George Heriot's School can also be seen from that famous cafe's window -- not the whole thing, but certainly the four towers of the main building. 

The four towers that represent the four different houses of the school. 

The school that looks like a castle that sits under a castle that looks like Hogwarts.

Does no one else think this is weird?

It's me! This is inside the courtyard of the school -- they had an open house week where they were open to the public before fall term started. We took ourselves on a tour.

One of the school's bulletin boards. Four houses?!? Four house colours and crests?? HOUSE POINTS!? It's so Hogwartian I can't even handle it.

Greyfriars Kirkyard and Cemetery also sits right below JKR's favourite writing spot and holds a few more curious proofs of inspiration -- 

First, there's the grave of McGonagall -- yes, a man, but still! And then:

This guy's grave is in the cemetery too. I wonder if he knew his name would be borrowed by an author 200 years later to create an evil wizard character. And yes, JKR could've come up with it on her own... but you've got to admit it's a little weird. 

 And then we saw Hedwig! 

{This post written July 2013}

March 25, 2014

first set of wings.

I have a cousin who spent her youth flying over horse jumps. Is that what they're called? Jumps. Yes, I think so. For anyone who thinks horse jumping is something you can just do without really knowing how to do it... wrong. Wrong wrong wrong. While visiting one summer I was having a leisurely walk-about on a calm old horse in said cousin's pasture when Calm Old Horse caught sight of a jump and had a sudden inspiration to be Brisk Sprightly Horse. Moving up from a walking speed to a trotting speed is a big change. Trotting is terrifying. I have no horseback riding rhythm and then that dang horse jumped over the jump and I thought my teeth had fallen out and been left behind in the grass.

You must realize that the jump was only about 2 feet off the ground -- this is monumentally high to someone who does not regularly ride horses.

So anyway, this cousin o' mine who rides horses into a flying gallop decided that the highest horse jumps weren't high enough and took to the skies as a pilot. This was a very late congratulatory yay-you-got-your-pilot's-license drawing that I managed to finally do this past summer while in Scotland. Cute!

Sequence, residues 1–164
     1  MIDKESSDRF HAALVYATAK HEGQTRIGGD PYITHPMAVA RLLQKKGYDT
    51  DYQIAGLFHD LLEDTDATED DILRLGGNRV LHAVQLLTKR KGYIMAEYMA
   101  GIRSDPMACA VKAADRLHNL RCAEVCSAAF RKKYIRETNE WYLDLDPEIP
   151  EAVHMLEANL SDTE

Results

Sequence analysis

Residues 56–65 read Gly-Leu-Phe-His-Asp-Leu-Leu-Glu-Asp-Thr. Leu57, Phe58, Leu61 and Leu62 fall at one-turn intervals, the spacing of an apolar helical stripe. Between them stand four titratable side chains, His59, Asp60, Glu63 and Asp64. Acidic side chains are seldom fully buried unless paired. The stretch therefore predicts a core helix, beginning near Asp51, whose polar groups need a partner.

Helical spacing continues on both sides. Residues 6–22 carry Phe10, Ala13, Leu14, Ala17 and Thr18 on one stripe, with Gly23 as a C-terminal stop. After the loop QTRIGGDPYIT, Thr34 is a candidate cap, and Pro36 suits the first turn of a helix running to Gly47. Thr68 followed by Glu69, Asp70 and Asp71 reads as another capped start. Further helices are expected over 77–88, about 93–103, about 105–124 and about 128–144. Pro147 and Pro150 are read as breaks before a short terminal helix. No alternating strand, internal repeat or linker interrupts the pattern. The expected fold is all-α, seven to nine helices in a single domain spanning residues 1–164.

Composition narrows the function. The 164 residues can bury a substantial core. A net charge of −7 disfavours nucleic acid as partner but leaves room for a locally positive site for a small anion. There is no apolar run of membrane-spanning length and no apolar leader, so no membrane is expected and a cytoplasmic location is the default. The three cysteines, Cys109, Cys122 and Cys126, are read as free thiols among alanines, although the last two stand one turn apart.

March 20, 2014

week eleven.

If you've been following along with our archived Scottish adventures, you'll know how much we loved climbing up Salisbury Crags. No surprise then that we took another sunset hike this week (this time with beer and doritos... classy).

 How cool are these jets? They passed right over us! They would actually fly over Edinburgh almost every night at around 7PM, following the path of The Royal Mile -- it was part of the Royal Military Tattoo show. So loud!

 We caught a bus to St. Andrews on one sunny Tuesday -- spent the day amongst old cathedral ruins, ancient golf courses, and sandy beaches. Cold beaches -- but still nice.

 This is me on Swilcan Bridge -- apparently at least 700 years old, it's been incorporated into St. Andrews' Old Course (oldest golf course in the world!) and all the famous golf pros pose here with their trophies. I probably don't deserve to stand here as I am pretty terrible at miniature golf but that is besides the point. 
St. Andrews University residence hall where Will and Kate stayed their first year in uni! They probably flirted on that bench there behind me.  

Wayne looks dapper everywhere, even in a centuries-old cemetery. 

As I've mentioned before, during the month of August the military tattoo runs six nights per week and  included in that is a fireworks show! And I'm not talking wimpy little piddly fireworks -- I'm talking intense explosive HUGE fireworks almost every single night for a month. We could set our clocks by them when we weren't popping down to Waverly Bridge to actually watch the show. We went a lot -- probably more than we needed to -- but seriously. Fireworks every night? Way too fun to miss.